LeBron James loves Taco Tuesday®. But he’s not a fan of that tiny, encircled “R” symbolizing the slogan’s registered trademark.
So, James is ready to battle his first offseason opponent: Taco John’s, a Wyoming-based Mexican restaurant chain with 400 locations that has owned the trademark for “Taco Tuesday” in 49 states since 1989.
The Los Angeles Lakers superstar has joined America’s largest Mexican-inspired fast-food chain Taco Bell in the fight to free the widely used phrase.
Taco Bell announced last week that it filed legal petitions via the USPTO Trademark Trial and Appeal Board to liberate the phrase for restaurants nationwide by canceling the federal trademark registrations for “Taco Tuesday.” On Monday, shortly before the Lakers’ season came to an end after being swept by the Denver Nuggets in the Western Conference Finals, James joined the movement.
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“‘Taco Tuesday’ is a tradition that everyone should be able to celebrate. All restaurants, all families, all businesses – everybody,” James said in a statement released by Taco Bell. “‘Taco Tuesdays’ create opportunities that bring people together in so many ways, and it’s a celebration that nobody should own.”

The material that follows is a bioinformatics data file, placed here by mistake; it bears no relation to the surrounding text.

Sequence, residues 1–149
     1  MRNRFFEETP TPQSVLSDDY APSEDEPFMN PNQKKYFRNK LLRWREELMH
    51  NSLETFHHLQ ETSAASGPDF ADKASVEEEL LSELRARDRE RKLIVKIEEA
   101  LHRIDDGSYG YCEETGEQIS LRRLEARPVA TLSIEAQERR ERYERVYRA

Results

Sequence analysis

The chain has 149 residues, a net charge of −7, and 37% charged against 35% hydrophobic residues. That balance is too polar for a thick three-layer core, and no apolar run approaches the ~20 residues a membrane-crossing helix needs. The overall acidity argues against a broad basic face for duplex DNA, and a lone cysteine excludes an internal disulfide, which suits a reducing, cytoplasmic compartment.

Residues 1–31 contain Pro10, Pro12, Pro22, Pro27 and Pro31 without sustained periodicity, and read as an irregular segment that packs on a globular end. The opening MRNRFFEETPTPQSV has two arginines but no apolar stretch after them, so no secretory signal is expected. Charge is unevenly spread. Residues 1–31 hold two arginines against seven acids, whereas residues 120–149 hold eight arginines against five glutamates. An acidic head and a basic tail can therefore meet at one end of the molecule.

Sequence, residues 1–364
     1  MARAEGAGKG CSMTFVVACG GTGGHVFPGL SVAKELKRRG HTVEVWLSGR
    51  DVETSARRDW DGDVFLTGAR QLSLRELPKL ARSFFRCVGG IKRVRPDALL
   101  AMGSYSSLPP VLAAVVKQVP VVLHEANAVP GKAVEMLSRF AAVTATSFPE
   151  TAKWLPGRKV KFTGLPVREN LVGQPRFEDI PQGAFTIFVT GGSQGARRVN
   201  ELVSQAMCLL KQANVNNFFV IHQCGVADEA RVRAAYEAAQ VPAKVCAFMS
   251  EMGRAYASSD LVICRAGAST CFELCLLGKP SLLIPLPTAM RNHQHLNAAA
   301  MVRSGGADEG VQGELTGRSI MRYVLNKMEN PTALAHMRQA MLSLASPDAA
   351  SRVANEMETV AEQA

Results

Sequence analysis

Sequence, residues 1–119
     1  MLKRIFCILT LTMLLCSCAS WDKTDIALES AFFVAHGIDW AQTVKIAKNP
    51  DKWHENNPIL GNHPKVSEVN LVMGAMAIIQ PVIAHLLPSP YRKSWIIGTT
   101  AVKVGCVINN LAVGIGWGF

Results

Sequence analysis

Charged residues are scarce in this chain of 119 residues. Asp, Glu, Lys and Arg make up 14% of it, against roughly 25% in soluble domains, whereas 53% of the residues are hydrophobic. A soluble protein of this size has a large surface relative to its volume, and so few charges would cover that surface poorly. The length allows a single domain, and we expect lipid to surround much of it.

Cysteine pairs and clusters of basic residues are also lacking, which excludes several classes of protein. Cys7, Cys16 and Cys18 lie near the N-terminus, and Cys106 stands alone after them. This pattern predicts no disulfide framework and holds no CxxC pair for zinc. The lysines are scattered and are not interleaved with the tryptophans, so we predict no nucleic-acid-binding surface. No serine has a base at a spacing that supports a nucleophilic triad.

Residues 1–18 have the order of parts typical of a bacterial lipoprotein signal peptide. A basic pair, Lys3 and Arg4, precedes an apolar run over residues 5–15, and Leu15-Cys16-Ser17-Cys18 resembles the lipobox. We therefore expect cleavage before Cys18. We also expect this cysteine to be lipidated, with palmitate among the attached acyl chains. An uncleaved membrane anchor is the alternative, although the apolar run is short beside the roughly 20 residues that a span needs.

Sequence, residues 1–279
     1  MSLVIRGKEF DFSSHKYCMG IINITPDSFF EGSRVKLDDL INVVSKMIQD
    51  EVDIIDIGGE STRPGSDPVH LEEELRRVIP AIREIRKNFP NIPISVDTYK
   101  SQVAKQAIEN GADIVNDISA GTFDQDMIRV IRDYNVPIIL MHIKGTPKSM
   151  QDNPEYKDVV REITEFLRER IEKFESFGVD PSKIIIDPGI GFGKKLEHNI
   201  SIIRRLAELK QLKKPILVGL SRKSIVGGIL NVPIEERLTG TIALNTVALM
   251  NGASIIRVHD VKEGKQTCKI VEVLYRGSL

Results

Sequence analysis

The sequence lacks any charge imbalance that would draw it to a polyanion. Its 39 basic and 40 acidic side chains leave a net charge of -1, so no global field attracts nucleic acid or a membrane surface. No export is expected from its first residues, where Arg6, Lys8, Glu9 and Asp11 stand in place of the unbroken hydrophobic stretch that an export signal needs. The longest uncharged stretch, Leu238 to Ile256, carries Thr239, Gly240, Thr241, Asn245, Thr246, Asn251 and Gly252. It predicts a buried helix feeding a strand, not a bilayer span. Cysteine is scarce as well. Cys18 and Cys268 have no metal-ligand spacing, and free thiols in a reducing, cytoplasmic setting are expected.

James, however, did once try to own it himself.
In 2019, James began sharing videos on Instagram of his family’s taco nights, even making “It’s Taco Tuesday” T-shirts.
James’ company then attempted to trademark the phrase “Taco Tuesday” but was denied by the U.S. Patent and Trademark Office, which ruled it to be a “commonplace term.” ESPN reported that James sought to monetize the videos by filing the trademark. A spokesman for James told ESPN’s Dave McMenamin at the time that the application was filed "to ensure LeBron cannot be sued for any use of 'Taco Tuesday.'"
James is now starring in a Taco Bell commercial titled “Taco Bleep” – which the company said is “highlighting the absurdity of ‘Taco Tuesday’ being ‘trademarked’ and encouraging the taco community to join together in support of the liberation movement.”
“No more trademarks, no more bleeps, starting right now,” James says in the commercial, which began airing on May 22 and coincides Taco Bell’s recently-launched petition titled “Freeing Taco T***day.”
Don’t expect Taco John’s to bend the knee to King James and liberate “Taco Tuesday.” The company takes pride in its title of trademark holder -- even if its claim to have coined the phrase isn’t entirely accurate and it only secured the trademark when its original holder failed to renew before the deadline.
“Ever hear of Taco Tuesday®? We started it! We even trademarked it,” it says on Taco John’s website. “That’s how seriously we take tacos.”
Taco John’s CEO Jim Creel responded to Taco Bell’s lawsuit last week.
“When it comes right down to it, we’re lovers, not fighters, at Taco John’s®,” Creel said in a statement. “But when a big, bad bully threatens to take away the mark our forefathers originated so many decades ago, well, that just rings hollow to us. If ‘living más’ means filling the pockets of Taco Bell’s army of lawyers, we’re not interested.”